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Incoming CEHD dean talks about the future
By Olivia Krauth–
After multiple rounds of interviews and approval from the U of L Board of Trustees, Ann Larson has been selected to be the next dean of the College of Education and Human Development.
Starting as an assistant professor at U of L in 1996, Larson has worked her way to her current position of Vice Dean of CEHD, which she has held for six years. Larson believes her experience at the university and as vice dean will benefit her when she starts as dean.
“I’ve learned a great deal about the academic affairs and programs side of the work,” said Larson. “I’ve learned a lot about working with central administration and the other associate deans on campus.” Larson says she also plans on using her knowledge of U of L’s strategic vision in her new role.
The CEHD is home to more than 3,000 students and six departments, which include the teacher education and health and sports science programs.
“We have a very good reputation with community engagement working in schools and community venues,” said Larson. “Our students get a lot of applied experiences with internships, practicum, and critical work. We’ll continue to build on that, that good work, that reputation that we’ve built.”
Larson will begin in the position on July 1. She says that having a strategic vision is important, and that she will work to develop one as one of her first acts as dean.
“We’ll be doing some strategic planning, building upon what we’ve been doing that has been working well, but adding some new priority areas.”
Specifically, Larson says that the CEHD will work on, “continuing to build our high-quality teacher and student service areas; working in authentic and engaged research; working in areas of diversity, sustainability, collaboration; and building on international opportunities for students.” She will also work with training new faculty and replacing retiring professors.
Larson cites nationwide budget cuts to higher education as the biggest challenge facing the CEHD.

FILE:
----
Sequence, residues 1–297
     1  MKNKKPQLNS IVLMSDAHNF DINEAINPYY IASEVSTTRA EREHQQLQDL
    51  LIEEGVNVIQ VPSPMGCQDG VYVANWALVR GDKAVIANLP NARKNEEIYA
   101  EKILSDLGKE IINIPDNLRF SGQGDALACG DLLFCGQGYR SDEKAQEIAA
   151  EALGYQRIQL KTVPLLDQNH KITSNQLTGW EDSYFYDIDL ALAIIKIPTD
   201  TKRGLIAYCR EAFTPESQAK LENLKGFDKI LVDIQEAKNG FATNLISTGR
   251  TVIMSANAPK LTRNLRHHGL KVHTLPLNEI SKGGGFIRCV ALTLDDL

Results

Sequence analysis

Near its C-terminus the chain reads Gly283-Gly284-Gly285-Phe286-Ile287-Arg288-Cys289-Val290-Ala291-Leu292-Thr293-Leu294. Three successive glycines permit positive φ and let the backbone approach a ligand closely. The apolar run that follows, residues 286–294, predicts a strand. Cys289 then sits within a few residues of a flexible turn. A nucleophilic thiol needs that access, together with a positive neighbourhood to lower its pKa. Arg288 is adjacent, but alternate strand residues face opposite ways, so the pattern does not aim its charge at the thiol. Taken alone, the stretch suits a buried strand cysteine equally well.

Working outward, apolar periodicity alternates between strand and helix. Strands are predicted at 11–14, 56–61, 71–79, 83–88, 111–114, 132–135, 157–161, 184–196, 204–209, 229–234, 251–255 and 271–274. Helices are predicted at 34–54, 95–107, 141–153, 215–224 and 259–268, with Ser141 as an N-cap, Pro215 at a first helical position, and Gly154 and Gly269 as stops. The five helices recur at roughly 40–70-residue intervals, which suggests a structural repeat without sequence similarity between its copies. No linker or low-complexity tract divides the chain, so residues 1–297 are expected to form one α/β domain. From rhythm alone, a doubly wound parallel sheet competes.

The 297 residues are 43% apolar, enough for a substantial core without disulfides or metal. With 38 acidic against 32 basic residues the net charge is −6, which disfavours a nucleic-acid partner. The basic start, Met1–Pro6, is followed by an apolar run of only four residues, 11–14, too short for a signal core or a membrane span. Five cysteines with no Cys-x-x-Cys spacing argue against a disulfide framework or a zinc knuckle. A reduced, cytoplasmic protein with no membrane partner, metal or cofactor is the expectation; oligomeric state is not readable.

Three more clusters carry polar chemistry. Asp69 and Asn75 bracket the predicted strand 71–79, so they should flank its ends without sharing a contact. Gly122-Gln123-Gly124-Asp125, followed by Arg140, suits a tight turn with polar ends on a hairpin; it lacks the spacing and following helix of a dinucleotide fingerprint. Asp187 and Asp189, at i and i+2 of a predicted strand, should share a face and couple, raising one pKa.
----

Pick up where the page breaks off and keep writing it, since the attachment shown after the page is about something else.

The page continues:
“That can be a threat, but it can also be an opportunity to look carefully at what you’re doing and make sure that your programs are very strategic – that they fit in with the mission of the university, that they serve the community and the commonwealth,” said Larson, adding that the programs should be made “efficient and effective.
“With tuition increases, students want to know their program will be high quality. They want to know that they will be employed. They want to know that they will be successful in their employment and be able to compete for jobs.”
The strategic layout of the college is evident in the majors’ flight plans. Some education majors expressed discontent about not having a lot of room for electives due to their strict requirements for their majors. Larson cited both national and state accreditation standards for the lack of leeway.
“The reason for having a pretty prescribed curriculum is that it’s similar to medical school,” said Larson. “If you’re going to work in practice…there’s a certain knowledge base that you have to have. But we don’t see that as a negative.” Larson said that the college tries to assist students that feel like they need additional experience outside of their major.
Larson says that no immediate, drastic curriculum changes are planned, although the college is “always about continuous improvement.”
“The answer is, you’re always doing some of that, and that’s just part of the natural evolution of a unit,” Larson said on curriculum changes. “We want to do more with distance education. We want to do more with international experiences. We want to continue our focus on diversity equity, inclusion and access.
“It takes a little bit of time for a new dean to listen, and learn, and lead and so I look forward to doing that. In good time, I’m sure we’ll be making some changes, but not anything drastic at this point.”